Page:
"…a bloated, unpleasant assembly-line extrusion." –Roger Ebert, Chicago Tribune
"…so infuriatingly bad that I honestly wanted to spit on the screen." –Scott Weinberg, eFilmCritic.Com
"…as bloated and fatuous as their [Jerry Bruckheimer and Michael Bay] previous efforts." –Rene Rodriguez, Miami Herald
In its opening weekend, Jerry Bruckheimer’s Bad Boys II took in over $46.5 million in box office revenues and, after two weeks, its total revenue stands at $89 million. However, while audiences clamoured to watch gunplay and explosions, movie critics mercilessly panned the film. It’s certainly not the first time critics have disagreed with audiences, and it won’t be the last.
But then again, what do they know?
It’s comforting to know other people, with more knowledge and experience, can make educated decisions instead of placing the burden on you. These people have done the research and can spit it back in 800 words or less, summarized and convenient. So, it’s no wonder movie critics, though often despised, are still read religiously every Thursday or Friday. At one time or another, you have certainly asked someone, "Is that one supposed to be any good?" Critics have been the ones to give you an answer.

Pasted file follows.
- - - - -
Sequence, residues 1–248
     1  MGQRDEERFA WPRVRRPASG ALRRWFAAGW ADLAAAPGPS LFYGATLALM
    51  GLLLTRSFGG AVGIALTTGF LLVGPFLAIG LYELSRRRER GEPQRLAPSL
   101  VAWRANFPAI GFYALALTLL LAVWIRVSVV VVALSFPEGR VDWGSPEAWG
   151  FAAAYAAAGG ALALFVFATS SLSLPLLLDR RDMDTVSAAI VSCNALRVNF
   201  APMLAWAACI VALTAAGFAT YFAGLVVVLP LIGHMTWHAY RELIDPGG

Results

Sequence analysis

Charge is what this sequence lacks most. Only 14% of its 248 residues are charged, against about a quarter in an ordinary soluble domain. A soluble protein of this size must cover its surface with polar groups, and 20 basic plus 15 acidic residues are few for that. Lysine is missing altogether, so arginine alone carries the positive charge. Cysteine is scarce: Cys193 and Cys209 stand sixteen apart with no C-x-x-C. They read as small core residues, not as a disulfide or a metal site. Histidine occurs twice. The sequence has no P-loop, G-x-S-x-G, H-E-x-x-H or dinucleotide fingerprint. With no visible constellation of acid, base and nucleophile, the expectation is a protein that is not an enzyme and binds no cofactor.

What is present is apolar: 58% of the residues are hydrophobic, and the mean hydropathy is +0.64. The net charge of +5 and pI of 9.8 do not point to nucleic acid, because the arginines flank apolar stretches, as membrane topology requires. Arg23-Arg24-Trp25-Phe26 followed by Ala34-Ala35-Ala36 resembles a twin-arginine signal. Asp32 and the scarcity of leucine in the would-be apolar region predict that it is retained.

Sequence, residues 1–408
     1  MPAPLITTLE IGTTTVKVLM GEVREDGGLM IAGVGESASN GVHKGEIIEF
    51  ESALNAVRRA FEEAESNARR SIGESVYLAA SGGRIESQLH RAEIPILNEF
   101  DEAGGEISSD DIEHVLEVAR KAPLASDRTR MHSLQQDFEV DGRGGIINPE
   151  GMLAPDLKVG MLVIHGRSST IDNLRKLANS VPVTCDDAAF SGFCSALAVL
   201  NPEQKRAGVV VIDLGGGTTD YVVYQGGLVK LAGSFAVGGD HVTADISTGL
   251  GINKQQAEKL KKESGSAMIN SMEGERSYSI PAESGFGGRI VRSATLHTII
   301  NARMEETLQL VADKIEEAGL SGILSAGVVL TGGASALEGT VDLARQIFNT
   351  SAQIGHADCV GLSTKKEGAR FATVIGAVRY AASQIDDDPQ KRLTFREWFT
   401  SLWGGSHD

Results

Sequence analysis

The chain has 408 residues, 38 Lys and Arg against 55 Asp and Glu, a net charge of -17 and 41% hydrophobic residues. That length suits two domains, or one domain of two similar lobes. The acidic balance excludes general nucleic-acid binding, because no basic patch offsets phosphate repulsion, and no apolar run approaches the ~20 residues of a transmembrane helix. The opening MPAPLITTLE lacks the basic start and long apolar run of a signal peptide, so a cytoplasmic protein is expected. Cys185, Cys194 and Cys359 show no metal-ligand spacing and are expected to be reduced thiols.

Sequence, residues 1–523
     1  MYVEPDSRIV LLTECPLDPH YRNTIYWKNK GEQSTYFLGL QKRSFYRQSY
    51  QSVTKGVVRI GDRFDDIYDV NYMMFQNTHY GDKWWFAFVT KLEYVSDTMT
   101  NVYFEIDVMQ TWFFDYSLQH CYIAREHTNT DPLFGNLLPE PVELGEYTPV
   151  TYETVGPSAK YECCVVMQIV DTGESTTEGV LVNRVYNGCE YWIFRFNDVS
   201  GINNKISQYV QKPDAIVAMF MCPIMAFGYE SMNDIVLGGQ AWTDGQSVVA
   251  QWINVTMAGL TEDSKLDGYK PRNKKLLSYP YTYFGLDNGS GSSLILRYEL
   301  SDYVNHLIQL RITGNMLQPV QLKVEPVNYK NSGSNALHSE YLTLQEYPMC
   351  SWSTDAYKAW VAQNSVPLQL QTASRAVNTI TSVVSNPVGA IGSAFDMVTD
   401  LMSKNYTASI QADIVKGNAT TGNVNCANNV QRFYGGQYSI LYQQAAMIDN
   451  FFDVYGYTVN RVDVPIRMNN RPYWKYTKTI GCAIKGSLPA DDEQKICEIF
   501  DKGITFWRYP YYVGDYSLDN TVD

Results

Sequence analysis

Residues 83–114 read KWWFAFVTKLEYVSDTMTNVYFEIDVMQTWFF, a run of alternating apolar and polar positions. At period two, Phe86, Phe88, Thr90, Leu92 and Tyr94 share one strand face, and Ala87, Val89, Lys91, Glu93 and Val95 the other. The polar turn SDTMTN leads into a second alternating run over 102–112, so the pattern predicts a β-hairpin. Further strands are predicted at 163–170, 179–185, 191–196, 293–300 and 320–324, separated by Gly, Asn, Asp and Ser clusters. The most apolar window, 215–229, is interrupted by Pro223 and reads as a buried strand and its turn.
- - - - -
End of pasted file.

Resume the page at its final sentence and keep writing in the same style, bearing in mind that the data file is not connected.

Let’s face it, they do know more than you do. They’ve sat through the French New Wave and seen countless art-house, structuralist films watching successions of beautiful, completely confounding images. If you’re looking for an educated opinion, you can’t beat someone who has simply seen a lot of movies. Usually.
However, it is ridiculous to try and apply the same visual and narrative standards to a stock, blockbuster action movie. Criticizing its use of stereotypes or its confusing pace completely ignores the foundation of a good action movie: action. Simply put, if such a movie spends its time developing complex, dynamic characters and an original, well-articulated story, there is no time for explosions. A critical framework based on artistry fails when it is applied to a movie simply not concerned with art. Where too many moviegoers fail to realize the artistic potential of film, too many critics forget that a good car chase is sometimes all that is required for time well spent.
I won’t deride critics by saying they have lost touch with common opinion because, in many ways, their broader experiences are more valuable in comparing films than a palette that is exclusively familiar with the works of producers like Bruckheimer. But criticism cannot be brought to bear on aspects of films that were deliberately neglected by the filmmaker. Critics would be better off drawing attention to the various impossibilities in Pixar’s Finding Nemo than scathing Bad Boys director Michael Bay for neglecting the finer aspects of film.
I’m a fan of art-house films myself, but there are times when all I’m looking for is a good Humvee chase sequence.